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Meeting the Mahers of Kilsheelan


WORTH WAITING FOR Bill Maher, left and Tipperary captain Conor Sweeney, celebrate after winning the Munster Final last month. Pic: Sportsfile

Michael Commins

LITTLE wonder that they sing about Tipperary. I have always contended that it is the most musical sounding name of the 32 counties on the island of Ireland.
There’s a magical ring to it …..like Oklahoma and Tennessee, Kentucky and Missouri, Alabama and Montana.
When Leona Williams from Missouri (ex-wife of country legend Merle Haggard) gave me an idea for a song in Castlebar a few years ago, I sat down to write the lyrics four days later. 
The first line of the chorus reads: “Tipperary lies soft in my memory”. She recorded it a few months later.
Nor is it surprising that Johnny Cash mentioned the place in his famous song, The Forty Shades of Green… “But most of all I miss a girl in Tipperary Town”.
Down in the southeast of the county between Clonmel and Carrick-on-Suir lies the lovely village of Kilsheelan.
It is impossible to pass through it without appreciating the pride of place the natives have in this beautifully presented village that each year is among the top three in the Tidy Towns competition in the county.
It is also home to Bill Maher who will line out in the half-back line with Tipperary when they play Mayo in the All-Ireland semi-final in Croke Park on Sunday.
Bill is a quantity surveyor based in Dublin and one of the dual stars in Tipperary GAA over the last decade.
He was a member of the famous Tipperary team that won the All-Ireland Minor football final in 2011 when Colman Kennedy scored a sensational last-minute goal to defeat Dublin.
The following year in 2012, Bill captained the Tipperary minor hurlers to All Ireland glory over Dublin. Bill was also a member of the Tipperary Under-21 football team that captured Munster honours in 2015, defeated Dublin in the semi-final, before losing by a point to Tyrone in the final. (Dessie Farrell, the current Dublin manager, was in charge of the Dublin minor and Under-21 teams that lost to Tipperary in 2011 and 2015).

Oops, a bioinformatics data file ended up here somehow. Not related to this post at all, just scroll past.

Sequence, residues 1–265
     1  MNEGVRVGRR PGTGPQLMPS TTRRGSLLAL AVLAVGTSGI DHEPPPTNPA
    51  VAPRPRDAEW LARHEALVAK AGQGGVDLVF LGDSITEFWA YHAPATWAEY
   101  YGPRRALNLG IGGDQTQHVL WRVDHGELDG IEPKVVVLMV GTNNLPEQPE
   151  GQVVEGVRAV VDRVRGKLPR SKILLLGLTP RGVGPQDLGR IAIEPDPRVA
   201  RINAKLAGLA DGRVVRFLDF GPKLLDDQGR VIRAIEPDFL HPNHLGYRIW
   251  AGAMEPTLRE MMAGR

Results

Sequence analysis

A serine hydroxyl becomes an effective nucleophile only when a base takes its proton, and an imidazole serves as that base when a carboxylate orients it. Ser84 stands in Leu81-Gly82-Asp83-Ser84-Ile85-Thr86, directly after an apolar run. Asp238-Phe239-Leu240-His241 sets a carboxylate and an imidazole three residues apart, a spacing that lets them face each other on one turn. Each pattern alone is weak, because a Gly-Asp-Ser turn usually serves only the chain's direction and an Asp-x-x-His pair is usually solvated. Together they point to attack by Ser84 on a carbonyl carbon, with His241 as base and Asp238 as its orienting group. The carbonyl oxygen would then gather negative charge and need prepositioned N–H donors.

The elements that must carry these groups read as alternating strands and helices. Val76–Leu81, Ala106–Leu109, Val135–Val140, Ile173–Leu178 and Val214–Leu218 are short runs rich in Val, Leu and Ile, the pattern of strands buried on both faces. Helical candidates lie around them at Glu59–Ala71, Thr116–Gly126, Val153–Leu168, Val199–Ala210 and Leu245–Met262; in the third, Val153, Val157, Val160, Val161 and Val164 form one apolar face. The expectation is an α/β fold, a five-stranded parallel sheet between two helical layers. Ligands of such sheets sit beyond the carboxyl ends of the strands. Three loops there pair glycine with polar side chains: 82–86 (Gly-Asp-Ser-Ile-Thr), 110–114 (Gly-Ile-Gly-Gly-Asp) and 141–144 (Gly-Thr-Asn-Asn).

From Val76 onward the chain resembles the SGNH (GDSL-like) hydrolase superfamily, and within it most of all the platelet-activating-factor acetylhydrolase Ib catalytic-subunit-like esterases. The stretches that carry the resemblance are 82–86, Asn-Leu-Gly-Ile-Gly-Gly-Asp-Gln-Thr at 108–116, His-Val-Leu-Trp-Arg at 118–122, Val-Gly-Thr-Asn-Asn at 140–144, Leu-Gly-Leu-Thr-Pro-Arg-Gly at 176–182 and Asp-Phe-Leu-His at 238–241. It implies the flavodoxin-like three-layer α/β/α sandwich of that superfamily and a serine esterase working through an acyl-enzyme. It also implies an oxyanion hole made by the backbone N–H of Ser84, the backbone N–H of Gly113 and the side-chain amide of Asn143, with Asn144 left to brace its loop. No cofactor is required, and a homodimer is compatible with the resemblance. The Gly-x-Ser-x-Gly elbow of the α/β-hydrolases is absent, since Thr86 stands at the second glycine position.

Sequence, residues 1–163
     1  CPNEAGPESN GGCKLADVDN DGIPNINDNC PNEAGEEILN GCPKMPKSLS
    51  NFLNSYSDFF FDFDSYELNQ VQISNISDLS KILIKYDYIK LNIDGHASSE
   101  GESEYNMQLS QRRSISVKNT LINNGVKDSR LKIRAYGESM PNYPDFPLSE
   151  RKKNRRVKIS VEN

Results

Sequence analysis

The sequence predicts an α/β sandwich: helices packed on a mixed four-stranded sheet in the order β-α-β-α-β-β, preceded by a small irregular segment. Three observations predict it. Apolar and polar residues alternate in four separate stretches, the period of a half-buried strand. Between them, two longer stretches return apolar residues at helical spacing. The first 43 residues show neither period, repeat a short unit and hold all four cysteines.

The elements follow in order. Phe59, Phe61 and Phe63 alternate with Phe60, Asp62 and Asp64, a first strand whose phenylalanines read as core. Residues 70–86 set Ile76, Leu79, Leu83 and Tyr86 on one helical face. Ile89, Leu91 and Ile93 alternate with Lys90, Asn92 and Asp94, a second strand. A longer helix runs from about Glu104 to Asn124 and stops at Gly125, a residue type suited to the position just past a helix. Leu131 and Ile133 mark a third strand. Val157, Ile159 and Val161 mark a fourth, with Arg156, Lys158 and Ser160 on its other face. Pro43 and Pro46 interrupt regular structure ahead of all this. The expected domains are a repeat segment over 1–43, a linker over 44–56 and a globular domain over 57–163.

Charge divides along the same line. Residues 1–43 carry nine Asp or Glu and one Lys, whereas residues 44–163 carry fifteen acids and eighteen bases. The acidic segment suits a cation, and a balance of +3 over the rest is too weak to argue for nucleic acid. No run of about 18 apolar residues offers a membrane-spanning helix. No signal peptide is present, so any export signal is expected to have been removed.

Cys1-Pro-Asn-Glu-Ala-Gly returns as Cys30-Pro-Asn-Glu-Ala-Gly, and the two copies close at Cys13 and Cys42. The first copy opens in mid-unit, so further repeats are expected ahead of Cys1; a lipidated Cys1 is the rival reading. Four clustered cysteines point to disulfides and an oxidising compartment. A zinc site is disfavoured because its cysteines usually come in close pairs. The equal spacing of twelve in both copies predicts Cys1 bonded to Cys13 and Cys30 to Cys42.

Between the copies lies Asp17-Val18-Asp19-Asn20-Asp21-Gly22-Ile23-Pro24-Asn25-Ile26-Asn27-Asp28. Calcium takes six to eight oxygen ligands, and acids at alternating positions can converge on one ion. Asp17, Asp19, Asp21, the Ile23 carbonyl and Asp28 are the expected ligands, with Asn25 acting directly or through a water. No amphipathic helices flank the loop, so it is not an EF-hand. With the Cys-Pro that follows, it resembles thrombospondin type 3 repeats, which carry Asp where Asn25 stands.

Michael Quinlivan, Evan Comerford, Colin O’Riordan, Stephen O’Brien, Bill Maher and Colman Kennedy are stalwarts of this special era which really began in 2011.
No-one should underestimate the quality of this team.
Bill plays with Kilsheelan-Kilcash, a club overlooked by the towering Slievenamon which stirs such loyal feelings in the hearts of Tipperary folk wherever they journey in life.
When passing through Kilsheelan a few years ago, I stopped off at Maher’s shop and Post Office, not realising that this was the home of Bill Maher. I had a lovely chat with his parents Ollie and Miriam and renewed acquaintances when I met them on the pitch after the Mayo- Tipperary qualifier game in Semple Stadium in Thurles in 2018.
Ollie is originally from up around the Mullinahone area (close to the Kilkenny border) and not far from Ballingarry, which for years was famous for its coalmine.
Tullaroan singer and songwriter, Paddy Fitzpatrick, has penned a lovely and haunting song about that era. One of the verses laments the closing of the mine and the ‘curse of emigration’.
‘The good times are all over
‘And the carefree days are gone
‘No more I’ll watch the misty rain
‘Sweep over Slievenamon.
Speaking to Ollie on Saturday night, he reflected on how the ending of the 85-year wait for a Munster senior football title gave a great lift to the county. “Our lads were confident going down to Cork. They have recorded a good few wins over Cork in the minor and under 21 grades in the last decade.
“It was a huge achievement on the weekend of the Bloody Sunday centenary commemorations, of which Tipperary football was such a central part, and the ceremonies to honour Michael Hogan from Grangemockler, a few miles from here, who was shot dead in Croke Park in 1920 when playing for Tipperary.
“I think Tipperary’s win brought joy to the whole country and not just here in Tipperary. We got a lovely letter here during the week from a Kerry historian who complimented the Tipperary team on playing ‘true old style football’ against Cork. That was truly special.”
The small village got a major commercial boost two years ago with the opening of the Blueway, a walking and cycle path along the banks of the River Suir from Clonmel down to Waterford.
“Like the Greenway in Mayo, it has been a God-send for Kilsheelan. We are less than 100 yards from the Waterford border. You cross the road and pass by the grotto and over the Suir bridge and you are in Waterford. There will be some excitement over there for the next two weeks after tonight’s win over Kilkenny as they prepare for the All-Ireland Final against Limerick!
“Looking forward to Sunday, I expect a very open game between Tipperary and Mayo as well. Mayo like attacking football too so it should be an enjoyable game and, whoever wins, I think a huge majority of the country will be supporting them in the All Ireland Final,” says Ollie.

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